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All Replies on Minwax Oil Based Stain (frustrated!)

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View Neil's profile

Minwax Oil Based Stain (frustrated!)

by Neil
posted 08-23-2016 11:33 PM


9 replies so far

View jwmalone's profile

jwmalone

769 posts in 1091 days


#1 posted 08-24-2016 12:00 AM

Its not the stain. Its the different wood types. Ply wood never seems to take stain like solid wood even if its the same type of wood. But that’s just been my experience. You may have to stain the ply and dye the rest to match. What type of wood is it.

-- "Boy you could get more work done it you quit flapping your pie hole" Grandpa

View Neil's profile

Neil

25 posts in 1038 days


#2 posted 08-24-2016 12:55 AM

@jw The wood is red oak with oak ply and the other is Hickory and hickory ply. I’ve always had a problem with solid wood not taking stain the same as ply, that is until I changed to dye which I have had great results matching plywood with solid wood.

I need to keep the staining down to a simple process, using dye on the solid and stain on the ply would take too much time for an entire kitchen worth of doors and drawer fronts.

View Neil's profile

Neil

25 posts in 1038 days


#3 posted 08-24-2016 12:57 AM

I know the obvious answer is to find a dye stain to match, although I’m kinda cheap and now have a gallon of minwax oil stain that I’d rather not just toss in my paint cabinet.

View Carey  Mitchell's profile

Carey Mitchell

125 posts in 2348 days


#4 posted 08-24-2016 01:03 AM

In producing the veneer layer the plywood, it is peeled from the log using a device that looks like a huge lathe (think that’s what they call it) with a blade 8 feet long. The wood fibers become separated somewhat as the thin layer (even thinner these days) is shaved off. The veneer is thus less dense than the solid wood and sucks up the stain.

I stopped using oil based stains about 10 years ago due to the difficulty and poor results. I have had really great results with Transtint stains, as I can blend colors as needed. More important, I can dilute and “sneak up” on the color I want as well as easily and quickly apply additional coats where needed.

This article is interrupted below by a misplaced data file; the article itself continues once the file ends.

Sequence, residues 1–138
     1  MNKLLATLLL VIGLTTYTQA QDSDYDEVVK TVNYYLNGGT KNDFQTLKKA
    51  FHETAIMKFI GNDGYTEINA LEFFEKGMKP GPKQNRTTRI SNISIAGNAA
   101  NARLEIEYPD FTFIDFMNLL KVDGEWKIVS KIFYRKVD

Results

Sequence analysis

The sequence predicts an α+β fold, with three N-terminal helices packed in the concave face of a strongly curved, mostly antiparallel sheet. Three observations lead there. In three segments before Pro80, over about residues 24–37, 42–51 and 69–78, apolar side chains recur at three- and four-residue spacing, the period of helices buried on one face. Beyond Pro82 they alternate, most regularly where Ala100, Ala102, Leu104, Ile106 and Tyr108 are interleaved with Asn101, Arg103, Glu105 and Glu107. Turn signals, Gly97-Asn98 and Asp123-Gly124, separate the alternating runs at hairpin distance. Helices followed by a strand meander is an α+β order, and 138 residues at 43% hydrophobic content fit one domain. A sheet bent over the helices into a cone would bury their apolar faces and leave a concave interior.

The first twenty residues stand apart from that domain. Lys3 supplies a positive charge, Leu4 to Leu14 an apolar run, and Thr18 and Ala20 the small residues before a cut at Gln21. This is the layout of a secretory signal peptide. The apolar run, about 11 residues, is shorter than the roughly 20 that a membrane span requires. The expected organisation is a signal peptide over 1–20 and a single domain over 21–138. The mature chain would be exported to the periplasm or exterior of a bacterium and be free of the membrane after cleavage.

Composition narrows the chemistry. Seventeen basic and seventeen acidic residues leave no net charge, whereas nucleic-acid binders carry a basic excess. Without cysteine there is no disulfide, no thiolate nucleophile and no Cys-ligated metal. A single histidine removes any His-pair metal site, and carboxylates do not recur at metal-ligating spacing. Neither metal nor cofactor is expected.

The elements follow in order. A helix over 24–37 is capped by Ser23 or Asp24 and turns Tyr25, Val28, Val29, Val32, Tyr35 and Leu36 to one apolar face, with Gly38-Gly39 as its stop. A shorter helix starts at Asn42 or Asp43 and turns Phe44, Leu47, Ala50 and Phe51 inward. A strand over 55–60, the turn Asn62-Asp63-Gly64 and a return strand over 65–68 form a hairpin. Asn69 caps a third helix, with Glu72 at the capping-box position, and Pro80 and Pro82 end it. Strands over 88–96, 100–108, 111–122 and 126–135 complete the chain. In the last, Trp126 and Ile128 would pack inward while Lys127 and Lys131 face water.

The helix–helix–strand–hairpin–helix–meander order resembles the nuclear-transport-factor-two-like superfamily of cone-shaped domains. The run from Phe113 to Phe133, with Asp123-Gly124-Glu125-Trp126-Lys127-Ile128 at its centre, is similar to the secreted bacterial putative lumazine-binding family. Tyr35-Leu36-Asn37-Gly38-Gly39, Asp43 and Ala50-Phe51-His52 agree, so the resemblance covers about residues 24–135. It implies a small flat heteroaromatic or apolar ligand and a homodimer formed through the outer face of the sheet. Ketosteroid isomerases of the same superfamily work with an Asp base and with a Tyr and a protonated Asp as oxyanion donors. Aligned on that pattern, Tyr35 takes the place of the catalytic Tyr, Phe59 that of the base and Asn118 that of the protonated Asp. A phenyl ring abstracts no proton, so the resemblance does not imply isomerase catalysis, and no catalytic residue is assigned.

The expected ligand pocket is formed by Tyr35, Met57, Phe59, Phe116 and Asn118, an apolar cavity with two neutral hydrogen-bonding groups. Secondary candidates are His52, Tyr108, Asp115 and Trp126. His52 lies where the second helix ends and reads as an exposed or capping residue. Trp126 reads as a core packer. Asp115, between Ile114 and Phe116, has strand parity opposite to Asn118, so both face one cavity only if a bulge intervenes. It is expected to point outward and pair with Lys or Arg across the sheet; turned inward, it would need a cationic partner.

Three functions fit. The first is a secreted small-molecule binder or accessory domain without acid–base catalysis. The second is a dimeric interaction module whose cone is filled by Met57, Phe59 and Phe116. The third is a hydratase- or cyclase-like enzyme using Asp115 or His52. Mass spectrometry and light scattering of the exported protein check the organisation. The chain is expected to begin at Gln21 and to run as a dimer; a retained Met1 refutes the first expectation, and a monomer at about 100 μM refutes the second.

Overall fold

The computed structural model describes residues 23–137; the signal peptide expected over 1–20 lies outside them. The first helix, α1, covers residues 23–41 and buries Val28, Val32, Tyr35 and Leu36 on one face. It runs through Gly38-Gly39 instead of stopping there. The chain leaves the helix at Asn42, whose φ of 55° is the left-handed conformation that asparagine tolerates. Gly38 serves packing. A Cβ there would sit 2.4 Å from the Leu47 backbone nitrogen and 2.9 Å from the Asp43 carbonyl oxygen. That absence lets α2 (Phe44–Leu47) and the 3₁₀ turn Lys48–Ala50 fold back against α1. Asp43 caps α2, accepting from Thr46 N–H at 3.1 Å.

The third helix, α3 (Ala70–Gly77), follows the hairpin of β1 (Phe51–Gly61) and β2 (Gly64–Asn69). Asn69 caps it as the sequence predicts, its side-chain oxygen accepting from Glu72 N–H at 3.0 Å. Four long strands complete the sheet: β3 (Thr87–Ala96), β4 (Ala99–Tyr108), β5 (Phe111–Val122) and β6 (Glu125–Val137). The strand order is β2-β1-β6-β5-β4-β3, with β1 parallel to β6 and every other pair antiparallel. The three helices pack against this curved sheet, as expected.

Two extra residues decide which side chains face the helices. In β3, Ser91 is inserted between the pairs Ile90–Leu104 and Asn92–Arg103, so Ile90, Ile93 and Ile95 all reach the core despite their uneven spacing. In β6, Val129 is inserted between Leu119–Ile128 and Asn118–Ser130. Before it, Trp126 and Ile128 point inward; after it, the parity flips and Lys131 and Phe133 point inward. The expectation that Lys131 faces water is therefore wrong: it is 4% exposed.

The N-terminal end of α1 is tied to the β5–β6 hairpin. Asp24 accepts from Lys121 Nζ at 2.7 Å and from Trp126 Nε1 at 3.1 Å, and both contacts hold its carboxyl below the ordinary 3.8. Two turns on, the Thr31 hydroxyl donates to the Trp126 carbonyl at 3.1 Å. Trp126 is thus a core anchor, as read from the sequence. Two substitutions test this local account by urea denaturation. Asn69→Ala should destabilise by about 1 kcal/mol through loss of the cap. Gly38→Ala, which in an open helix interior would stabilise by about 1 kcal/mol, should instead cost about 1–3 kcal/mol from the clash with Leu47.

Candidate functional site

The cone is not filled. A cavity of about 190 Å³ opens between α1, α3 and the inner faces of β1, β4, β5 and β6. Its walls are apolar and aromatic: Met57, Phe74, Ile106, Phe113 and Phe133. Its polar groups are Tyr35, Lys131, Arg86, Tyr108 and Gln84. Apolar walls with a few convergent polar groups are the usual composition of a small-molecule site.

I have really had great success applying with a cheap air brush. This has even allowed me to deal with whitewood on both walnut and cherry. I just go for a very fine profile and keep applying to the lighter areas until they match the rest. That was used on a couple of my projects on this site and I dare you to find the whitewood. The air brush cost about $15.

View jwmalone's profile

jwmalone

769 posts in 1091 days


#5 posted 08-24-2016 01:04 AM

I agree, Id just tell the customer how it is. I get screwed evrytime some one wants me to use something specific. Especially around here, people got to the paint store for advice or watch a couple bob villa shows and think there a pro lmao.

-- "Boy you could get more work done it you quit flapping your pie hole" Grandpa

View 000's profile

000

2859 posts in 1288 days


#6 posted 08-24-2016 01:11 AM

I would make a sample out of the minwax that they want, then I would match it with whatever works for you and have them approve the color. As long as it’s the same color as the minwax color their after I don’t see a problem. I don’t let a customer dictate what products I use, just the final color they want.

View Neil's profile

Neil

25 posts in 1038 days


#7 posted 08-24-2016 01:29 AM

Thanks guys!

I’ll go the route of giving them the minwax samples as is, then showing them a similar color stain of my choosing.

I thought I’d ask, see anyone had any “secret to success” with this minwax crap. My customers ask for specific wood or paint color but never a brand name stain, kinda weird.

That good advice jbay, I wont let them choose a product for me, just the color.

View nightguy's profile

nightguy

213 posts in 1051 days


#8 posted 08-24-2016 01:43 AM

Carey Mitchell,
FYI, Transtint is not a stain, its a dye, there is a difference, dye have no solid pigments in them like stains do that to go into the pores of the wood.

View cooperw's profile

cooperw

14 posts in 1115 days


#9 posted 08-24-2016 06:39 AM

Interesting, in my experience red oak soaks everything I throw at it, maybe you have white oak or something else.

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